Edited by Claude Ménard and Elodie Bertrand
Chapter 20: Emerging markets: what can we learn from Ronald Coase?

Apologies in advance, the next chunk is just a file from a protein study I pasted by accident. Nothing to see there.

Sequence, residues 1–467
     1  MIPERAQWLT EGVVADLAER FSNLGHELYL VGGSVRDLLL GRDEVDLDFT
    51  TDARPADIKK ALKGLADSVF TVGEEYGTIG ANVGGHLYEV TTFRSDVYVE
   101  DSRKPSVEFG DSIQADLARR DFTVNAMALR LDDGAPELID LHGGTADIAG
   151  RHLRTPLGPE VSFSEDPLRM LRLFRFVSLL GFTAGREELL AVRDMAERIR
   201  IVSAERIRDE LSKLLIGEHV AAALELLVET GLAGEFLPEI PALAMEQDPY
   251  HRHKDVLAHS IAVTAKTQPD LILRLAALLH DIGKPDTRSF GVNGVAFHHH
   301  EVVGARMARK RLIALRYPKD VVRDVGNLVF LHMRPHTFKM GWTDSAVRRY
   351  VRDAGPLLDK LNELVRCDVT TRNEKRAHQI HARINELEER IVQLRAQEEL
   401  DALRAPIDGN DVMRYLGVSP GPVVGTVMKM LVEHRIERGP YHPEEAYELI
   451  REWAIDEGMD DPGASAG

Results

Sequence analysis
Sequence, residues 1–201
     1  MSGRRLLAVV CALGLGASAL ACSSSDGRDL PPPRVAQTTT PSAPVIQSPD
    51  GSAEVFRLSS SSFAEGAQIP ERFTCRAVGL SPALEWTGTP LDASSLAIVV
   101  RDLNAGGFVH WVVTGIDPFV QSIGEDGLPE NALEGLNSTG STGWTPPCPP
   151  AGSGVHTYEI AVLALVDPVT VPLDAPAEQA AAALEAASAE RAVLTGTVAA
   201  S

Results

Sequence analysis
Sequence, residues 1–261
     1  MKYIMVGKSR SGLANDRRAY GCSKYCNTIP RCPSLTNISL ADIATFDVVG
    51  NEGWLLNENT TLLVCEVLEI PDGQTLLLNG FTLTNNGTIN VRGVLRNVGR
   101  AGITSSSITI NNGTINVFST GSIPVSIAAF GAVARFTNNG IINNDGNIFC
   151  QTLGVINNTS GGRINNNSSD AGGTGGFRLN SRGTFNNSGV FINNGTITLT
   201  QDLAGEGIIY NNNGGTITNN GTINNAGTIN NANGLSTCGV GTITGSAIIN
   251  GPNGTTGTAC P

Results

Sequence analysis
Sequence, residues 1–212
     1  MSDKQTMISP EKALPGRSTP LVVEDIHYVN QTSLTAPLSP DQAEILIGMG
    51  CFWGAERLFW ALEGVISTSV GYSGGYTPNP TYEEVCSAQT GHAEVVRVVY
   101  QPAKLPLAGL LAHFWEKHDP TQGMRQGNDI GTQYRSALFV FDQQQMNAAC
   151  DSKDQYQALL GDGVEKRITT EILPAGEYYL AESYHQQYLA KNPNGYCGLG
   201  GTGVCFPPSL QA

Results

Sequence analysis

The most lasting lesson from the life and work of Ronald Coase may well be his persistent vision of economics and a distinct research program it entails. Over his long and illustrious career, Coase tenaciously criticized modern economics for first ignoring and later altogether denying its subject matter, the working of the economic system, in which wealth is created in society through the division of labor, free enterprises and exchange. As a result, what we find in the vast modern economics literature is “the circulation of the blood without the body” (Coase 1998: 73; 2002). The “body economic” Coase had in mind is what he termed “the institutional structure of production” (Coase 1992). In emerging markets, what is emerging and currently wanting includes legal institutions protecting property rights and enforcing contracts, and a regulatory framework reducing uncertainty and fostering competition. Together with the network of firms and markets, the legal and regulatory systems make up the economic body, which determines the extent of the market and the cost of transaction, ultimately responsible for generating the low of goods and services in an economy and thus dictates material wellbeing in society.
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